"Inspiration is Beauty"
Pony Tails And Cable Ties
February 23, 2015         (updated on May 6th, 2015)
I've tried all these cable tie solutions, none of them were optimal.

Fig.1
I’ve tried all these cable tie solutions, none of them were optimal.

I have been looking for a good cable tie solution for a long time. To me a good cable tie has to have some key attributes:

  • Not damage my equipment!
  • Be quick to apply/remove
  • Keep my cables organized
  • Not slip off on its own
  • Not snag on other items in the bag
I have tried almost everything: zip-ties, wire twist ties, Velcro straps, rubber bands, etc. While each of them would hold my cables they all had severe drawbacks. In one of those rare flashes of brilliance I figured out my solution!

Fig. 2  The standard Ball Bungee anchor.

Fig. 2
The standard Ball Bungee anchor.

I was sitting with some friends at a bar and a friend next to me removed the hair band from her pony tail and set it on the table. I mindlessly picked it up and started fidgeting with it. During a lull in the conversation I noticed the hair band looked a lot like a miniature ball bungee anchor. You know the kind we all have in our grip bag to mount flashes and stuff when on location. Then BAM!, if I could add a some kind of catch, it would make a perfect cable tie.
Fig. 3 Things you'll need.

Fig. 3
Things you’ll need.

Here’s what you’re going to need:
  • A saw
  • A drill
  • 5/32"(4mm) drill bit
  • sandpaper
  • 1 foot of string
  • Some woman’s hair bands/elastics (approx 2"(5cm) in diameter, make sure to get the kind with no metal)
  • 3/8" wooden dowel (use poplar or oak, pine is too weak)
  • A spray can of clear lacquer (optional)
Step #1
You’ll need to cut the wooden dowel into approximately 3/4"(2cm) long pieces.

Step #2
Using the drill and drill bit, drill a hole in the middle of the 3/4" dowel pieces. Drilling a hole through a cylinder can be tricky. I suggest using either a brad point bit or using something to create a pilot hole like a nail or punch. (It’s not completely necessary but it’s best if the hole runs perpendicular to the grain of the wood.)

Step #3
You’ll need to sand all your dowels so they are smooth to the touch. I started with 100 grit sandpaper and finished with 220 grit. At that point I thought they were good enough.

Step #4 (optional)
If you want, you can spray a couple of coats of clear lacquer on the dowels to give them a finished appearance.
Fig.4 Here's how my dowels turned out.

Fig.4
Here’s how my dowels turned out.

Step #5
Once the dowels are cut, drilled, sanded, and lacquered you’re ready to assemble everything. There is no way you can push the band through the hole, you’ll need to use the string to pull it through. Thread some string through the hole in the dowel, then through the hair band, and finally back through the hole in the dowel.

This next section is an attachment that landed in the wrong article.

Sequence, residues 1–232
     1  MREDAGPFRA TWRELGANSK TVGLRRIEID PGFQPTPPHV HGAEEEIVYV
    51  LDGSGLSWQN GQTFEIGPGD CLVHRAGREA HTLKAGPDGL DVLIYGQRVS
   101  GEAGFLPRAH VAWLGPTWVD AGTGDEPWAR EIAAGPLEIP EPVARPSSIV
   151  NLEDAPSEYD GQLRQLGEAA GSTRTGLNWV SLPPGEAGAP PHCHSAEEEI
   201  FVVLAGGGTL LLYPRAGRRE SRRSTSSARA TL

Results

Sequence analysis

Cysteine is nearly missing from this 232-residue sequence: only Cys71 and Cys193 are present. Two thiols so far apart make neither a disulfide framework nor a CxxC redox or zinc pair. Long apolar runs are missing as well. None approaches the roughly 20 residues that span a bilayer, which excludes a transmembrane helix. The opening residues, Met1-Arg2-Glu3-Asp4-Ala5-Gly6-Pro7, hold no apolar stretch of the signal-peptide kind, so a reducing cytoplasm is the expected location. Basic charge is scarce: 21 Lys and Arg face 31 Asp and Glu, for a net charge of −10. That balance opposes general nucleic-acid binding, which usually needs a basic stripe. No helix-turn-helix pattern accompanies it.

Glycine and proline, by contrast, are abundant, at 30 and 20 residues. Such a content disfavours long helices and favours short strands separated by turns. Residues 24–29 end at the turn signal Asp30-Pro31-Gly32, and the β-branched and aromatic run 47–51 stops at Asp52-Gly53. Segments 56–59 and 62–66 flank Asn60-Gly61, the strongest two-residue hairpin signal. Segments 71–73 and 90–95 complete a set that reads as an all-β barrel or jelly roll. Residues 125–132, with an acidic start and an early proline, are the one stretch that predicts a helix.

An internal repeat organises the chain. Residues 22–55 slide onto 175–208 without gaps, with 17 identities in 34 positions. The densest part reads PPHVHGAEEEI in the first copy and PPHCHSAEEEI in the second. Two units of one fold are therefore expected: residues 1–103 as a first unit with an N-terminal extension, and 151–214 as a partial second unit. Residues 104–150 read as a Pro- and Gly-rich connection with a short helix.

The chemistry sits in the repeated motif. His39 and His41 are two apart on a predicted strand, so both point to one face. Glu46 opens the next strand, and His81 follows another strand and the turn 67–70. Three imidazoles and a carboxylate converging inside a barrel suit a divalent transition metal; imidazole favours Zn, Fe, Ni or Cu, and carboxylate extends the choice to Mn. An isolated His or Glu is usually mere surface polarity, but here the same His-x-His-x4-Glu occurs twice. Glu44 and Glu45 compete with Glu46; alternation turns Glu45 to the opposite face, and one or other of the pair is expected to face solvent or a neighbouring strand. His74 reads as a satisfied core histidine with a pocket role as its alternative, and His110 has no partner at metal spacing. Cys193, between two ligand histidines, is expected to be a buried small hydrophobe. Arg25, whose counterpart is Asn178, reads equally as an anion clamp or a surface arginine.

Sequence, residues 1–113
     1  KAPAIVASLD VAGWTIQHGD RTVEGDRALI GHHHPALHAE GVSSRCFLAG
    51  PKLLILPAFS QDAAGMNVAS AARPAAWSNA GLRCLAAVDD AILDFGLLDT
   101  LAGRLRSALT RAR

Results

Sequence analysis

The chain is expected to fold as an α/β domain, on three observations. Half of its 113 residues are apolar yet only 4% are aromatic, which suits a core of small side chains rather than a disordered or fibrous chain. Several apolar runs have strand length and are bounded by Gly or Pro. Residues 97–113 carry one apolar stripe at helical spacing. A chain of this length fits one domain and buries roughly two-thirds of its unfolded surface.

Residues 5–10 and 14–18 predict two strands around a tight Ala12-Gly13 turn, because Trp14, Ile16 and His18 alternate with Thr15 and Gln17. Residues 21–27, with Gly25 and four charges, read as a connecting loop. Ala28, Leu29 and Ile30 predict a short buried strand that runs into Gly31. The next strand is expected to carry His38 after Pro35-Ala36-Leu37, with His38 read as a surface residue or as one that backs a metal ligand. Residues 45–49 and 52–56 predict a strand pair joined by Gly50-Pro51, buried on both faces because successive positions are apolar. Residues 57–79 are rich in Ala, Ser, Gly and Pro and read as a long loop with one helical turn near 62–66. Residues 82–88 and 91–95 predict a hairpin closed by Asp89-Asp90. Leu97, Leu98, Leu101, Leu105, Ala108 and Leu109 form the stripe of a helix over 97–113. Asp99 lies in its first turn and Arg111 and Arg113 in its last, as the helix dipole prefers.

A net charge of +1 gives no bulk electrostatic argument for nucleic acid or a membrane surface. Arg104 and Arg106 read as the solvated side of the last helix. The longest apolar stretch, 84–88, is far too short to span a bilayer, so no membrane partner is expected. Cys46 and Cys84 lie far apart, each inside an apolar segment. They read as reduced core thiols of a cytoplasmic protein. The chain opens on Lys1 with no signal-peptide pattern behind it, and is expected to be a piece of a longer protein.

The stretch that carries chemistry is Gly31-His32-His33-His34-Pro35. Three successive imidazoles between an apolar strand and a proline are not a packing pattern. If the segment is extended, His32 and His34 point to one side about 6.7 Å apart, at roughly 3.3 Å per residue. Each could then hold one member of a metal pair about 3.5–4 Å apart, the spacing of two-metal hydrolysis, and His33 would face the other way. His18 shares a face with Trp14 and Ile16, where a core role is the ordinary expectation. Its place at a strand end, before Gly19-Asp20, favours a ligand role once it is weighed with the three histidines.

Step #6
This is really important, the hair band has a welded section which is its weakest point. You need to spin the hair band around so the weld is on the opposite side of the the string.
Fig.5This is how the weld should be oriented before you pull the band through.

Fig.5
This is how the weld should be oriented before you pull the band through.

Step #7
Using the string carefully pull the hair band through the hole in the dowel. Pull it till there’s just enough band to wrap around the dowel. Then pull the loop tight and you’re done!
Fig.6 This is about how far to pull the band through.

Fig.6
This is about how far to pull the band through.

Fig.7 Wrapping the small loop back around the dowel locks it in place.

Fig.7
Wrapping the small loop back around the dowel locks it in place.

Step #8
After you have strung all the hair bands you can start going through your equipment bag and organize all your cables. To use the bands just wrap the loop around your cable then lock the loop under the dowel catch. They’re easy to put on and quick to pop off.
Fig.9 Here I have one holding my phantom cable together.

Fig.9
Here I have one holding my phantom cable together.

Quick tip:
If your ties are too small to reach around a particular cable you can daisy-chain them together to make a larger one.

I personally made myself 20 of these guys and have been using them for about 6 months and none of them have failed. I do expect them to break at some point, but at six months I think the solution was durable enough to use and rely on.

Good Luck!
I hope this helps you out.
Todd
 

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